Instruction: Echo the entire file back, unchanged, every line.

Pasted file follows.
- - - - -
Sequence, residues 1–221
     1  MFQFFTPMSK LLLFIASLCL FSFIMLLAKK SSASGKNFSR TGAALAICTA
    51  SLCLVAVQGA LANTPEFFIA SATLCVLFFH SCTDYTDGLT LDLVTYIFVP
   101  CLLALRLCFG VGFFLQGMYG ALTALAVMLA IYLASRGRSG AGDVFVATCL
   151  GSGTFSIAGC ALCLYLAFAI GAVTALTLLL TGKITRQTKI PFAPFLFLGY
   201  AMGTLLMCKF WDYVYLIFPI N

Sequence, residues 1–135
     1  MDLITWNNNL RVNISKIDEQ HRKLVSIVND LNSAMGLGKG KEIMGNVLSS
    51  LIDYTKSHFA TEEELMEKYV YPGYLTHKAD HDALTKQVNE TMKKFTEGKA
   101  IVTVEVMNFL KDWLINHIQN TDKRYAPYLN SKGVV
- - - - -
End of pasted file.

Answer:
Sequence, residues 1–221
     1  MFQFFTPMSK LLLFIASLCL FSFIMLLAKK SSASGKNFSR TGAALAICTA
    51  SLCLVAVQGA LANTPEFFIA SATLCVLFFH SCTDYTDGLT LDLVTYIFVP
   101  CLLALRLCFG VGFFLQGMYG ALTALAVMLA IYLASRGRSG AGDVFVATCL
   151  GSGTFSIAGC ALCLYLAFAI GAVTALTLLL TGKITRQTKI PFAPFLFLGY
   201  AMGTLLMCKF WDYVYLIFPI N

Sequence, residues 1–135
     1  MDLITWNNNL RVNISKIDEQ HRKLVSIVND LNSAMGLGKG KEIMGNVLSS
    51  LIDYTKSHFA TEEELMEKYV YPGYLTHKAD HDALTKQVNE TMKKFTEGKA
   101  IVTVEVMNFL KDWLINHIQN TDKRYAPYLN SKGVV